Pontoon safety is under review

Coast Guard re-examines process of certifying boats' seaworthiness

No `Lady D' stability test

March 20, 2004|By Tom Pelton | Tom Pelton,SUN STAFF

In the wake of the fatal capsizing of a Seaport Taxi in Baltimore's Inner Harbor, the Coast Guard is reviewing the testing process it uses to certify the safety of pontoon boats.

"The Coast Guard, as a whole, in light of this tragedy, is re-evaluating the whole process we use for determining pontoon boat stability," said Lt. Joe DuFresne, chief of small passenger vessel inspections for the Coast Guard's Baltimore area office.

The Lady D, which flipped during a sudden blast of wind off Fort McHenry during a storm March 6, killing five people, never had a stability test, according to Coast Guard records.

Using a now-outdated system, the Coast Guard certified the Lady D's stability in 1996 based on a test performed four years earlier on a boat made by a different company with another cabin design, records show.

Since 2002, the guard's Baltimore office has given every new passenger boat a stability test. During these examinations, barrels filled with water - to simulate passengers - are placed at various locations on a deck to determine how much weight the boat can bear without capsizing.

But now the guard is considering making improvements to its testing procedure, although there is no evidence that the Lady D, owned by the nonprofit Living Classrooms Foundation, was unstable or that it was certified improperly, DuFresne said.

"This is not to say that we believe pontoon boats are unsafe," DuFresne said. "But we are using this opportunity to re-examine our standards for pontoon boats."

As part of its review, the Coast Guard brought another Seaport Taxi, the Patricia P, into the Anchor Bay East Marina in Dundalk on Thursday for retesting, said DuFresne. The guard also plans to retest another water shuttle owned by Living Classrooms, the W.B. Morgan, DuFresne said.

DuFresne would not discuss the results of Thursday's test, saying that information was given to the National Transportation Safety Board, which is investigating the capsizing.

"All of that information is part of the investigation, and when we are finished we will release our results," said NTSB spokesman Keith Holloway.

`The fleet is safe'

Andrew Murray, director of the Living Classroom Foundation's National Historic Seaport of Baltimore, said the organization followed the Coast Guard's rules, which allow a boat to be certified for carrying passengers based on a letter saying the guard performed a stability test on a similar boat.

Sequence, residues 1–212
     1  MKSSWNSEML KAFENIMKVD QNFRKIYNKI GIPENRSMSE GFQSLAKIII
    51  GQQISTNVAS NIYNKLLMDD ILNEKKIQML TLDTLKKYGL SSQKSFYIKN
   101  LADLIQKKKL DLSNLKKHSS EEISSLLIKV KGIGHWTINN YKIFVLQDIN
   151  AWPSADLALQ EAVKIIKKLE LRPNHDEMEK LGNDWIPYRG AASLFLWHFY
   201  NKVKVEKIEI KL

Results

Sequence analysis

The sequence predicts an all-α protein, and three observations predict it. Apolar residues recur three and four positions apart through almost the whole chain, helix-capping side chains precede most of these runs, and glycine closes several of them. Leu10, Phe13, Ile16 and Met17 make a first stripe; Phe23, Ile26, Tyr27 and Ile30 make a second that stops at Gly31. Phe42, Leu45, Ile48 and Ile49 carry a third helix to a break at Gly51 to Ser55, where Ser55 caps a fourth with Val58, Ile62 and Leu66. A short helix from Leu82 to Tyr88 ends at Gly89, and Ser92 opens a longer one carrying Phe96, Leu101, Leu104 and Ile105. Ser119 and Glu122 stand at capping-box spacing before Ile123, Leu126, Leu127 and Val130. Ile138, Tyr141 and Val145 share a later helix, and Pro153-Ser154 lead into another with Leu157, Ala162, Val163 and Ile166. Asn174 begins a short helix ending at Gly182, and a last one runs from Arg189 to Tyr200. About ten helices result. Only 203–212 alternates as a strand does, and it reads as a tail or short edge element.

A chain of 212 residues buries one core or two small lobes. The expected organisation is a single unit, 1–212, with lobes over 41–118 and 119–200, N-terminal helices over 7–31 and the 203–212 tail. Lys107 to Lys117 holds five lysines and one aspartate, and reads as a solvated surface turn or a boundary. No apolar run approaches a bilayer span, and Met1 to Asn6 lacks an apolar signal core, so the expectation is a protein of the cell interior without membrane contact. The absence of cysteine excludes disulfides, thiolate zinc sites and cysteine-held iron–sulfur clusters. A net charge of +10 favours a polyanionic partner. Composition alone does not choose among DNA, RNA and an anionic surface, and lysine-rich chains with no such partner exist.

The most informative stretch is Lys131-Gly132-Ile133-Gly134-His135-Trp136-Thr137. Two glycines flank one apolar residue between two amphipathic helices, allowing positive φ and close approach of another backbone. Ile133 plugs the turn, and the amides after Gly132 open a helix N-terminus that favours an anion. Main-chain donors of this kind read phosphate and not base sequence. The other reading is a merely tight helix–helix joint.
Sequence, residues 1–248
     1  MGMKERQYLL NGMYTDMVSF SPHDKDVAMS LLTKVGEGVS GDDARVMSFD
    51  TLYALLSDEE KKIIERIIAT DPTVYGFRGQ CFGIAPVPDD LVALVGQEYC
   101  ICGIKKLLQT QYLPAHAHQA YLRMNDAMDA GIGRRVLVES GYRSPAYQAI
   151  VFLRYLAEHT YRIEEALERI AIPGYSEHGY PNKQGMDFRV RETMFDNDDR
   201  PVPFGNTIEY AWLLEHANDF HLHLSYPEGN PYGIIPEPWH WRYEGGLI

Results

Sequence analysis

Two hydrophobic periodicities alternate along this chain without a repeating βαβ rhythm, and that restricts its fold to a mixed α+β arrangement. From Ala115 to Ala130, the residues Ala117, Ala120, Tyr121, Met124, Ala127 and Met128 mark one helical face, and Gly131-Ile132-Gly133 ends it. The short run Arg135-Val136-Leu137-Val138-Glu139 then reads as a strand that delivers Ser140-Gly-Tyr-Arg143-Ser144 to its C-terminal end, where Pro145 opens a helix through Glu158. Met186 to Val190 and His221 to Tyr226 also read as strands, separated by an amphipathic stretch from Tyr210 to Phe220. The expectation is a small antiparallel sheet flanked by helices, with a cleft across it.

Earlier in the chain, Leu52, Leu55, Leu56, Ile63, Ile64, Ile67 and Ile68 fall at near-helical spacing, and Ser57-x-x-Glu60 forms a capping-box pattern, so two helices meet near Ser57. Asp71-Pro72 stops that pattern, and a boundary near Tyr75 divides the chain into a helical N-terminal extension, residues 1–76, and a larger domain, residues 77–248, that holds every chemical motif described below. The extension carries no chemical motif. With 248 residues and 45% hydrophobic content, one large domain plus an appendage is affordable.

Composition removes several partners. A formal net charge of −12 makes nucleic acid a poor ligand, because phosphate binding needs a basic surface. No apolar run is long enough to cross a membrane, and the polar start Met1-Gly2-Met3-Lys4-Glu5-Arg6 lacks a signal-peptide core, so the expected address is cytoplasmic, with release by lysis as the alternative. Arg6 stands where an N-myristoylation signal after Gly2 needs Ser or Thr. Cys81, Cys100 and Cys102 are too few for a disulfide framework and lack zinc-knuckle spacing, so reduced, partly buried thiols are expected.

"We hold a valid Coast Guard stability letter for the Lady D," Murray said. "Yes, we were aware that it didn't have its own stability test. But the letter meets the requirements of the Coast Guard. ... We feel the fleet is safe."

An examination by The Sun of more than 150 pages of documents about the Lady D released by the Coast Guard shows that the guard inspected the boat during its construction by the Susquehanna Santee Boatworks in Willow Street, Pa., in 1996 and annually after that.

These inspections ensured that the boat had safe electrical systems, properly tightened bolts, watertight hulls and enough life preservers, among other requirements.

In March 1996, the Coast Guard approved the Lady D's use as a water taxi, shuttling up to 25 passengers along the Patapsco River from the Inner Harbor to Canton's Tindeco Wharf, records show. In May 1999, the guard performed no additional tests in approving an expansion of the boat's route to Locust Point, near Fort McHenry.

The Coast Guard never gave the Lady D a stability test. It is the only exam designed to see if a boat will capsize if its passengers suddenly shift their weight to one side or if the boat is hit by a strong wind, according to naval architects familiar with the process.

"This is a very important test for determining the center of gravity of the ship," said William Garzke, chairman of the marine forensic panel of the Society of Naval Architects and Marine Engineers. "If the center of gravity is not in the right place, it could be a problem for the ship's stability."

Testing procedures

The test is performed while a boat sits empty at a dock. A Coast Guard inspector calculates how many people the boat is designed to hold, multiplies that figure by an average of 140 to 160 pounds per person, and then places tanks of water or bags of sand in the craft, weighing that amount at various places on the deck, measuring how far the sides of the boat dip into the water.

In some cases, the inspector also uses a formula to calculate how varying strengths of wind would push sideways on the boat's cabin, making the vessel heel over.

Common stability test

Fred Cotey, a pontoon boat designer for Premier Marine of Minneapolis, said it's common among manufacturers of recreational boats to use one stability test to certify hundreds of identical boats made by the same company.

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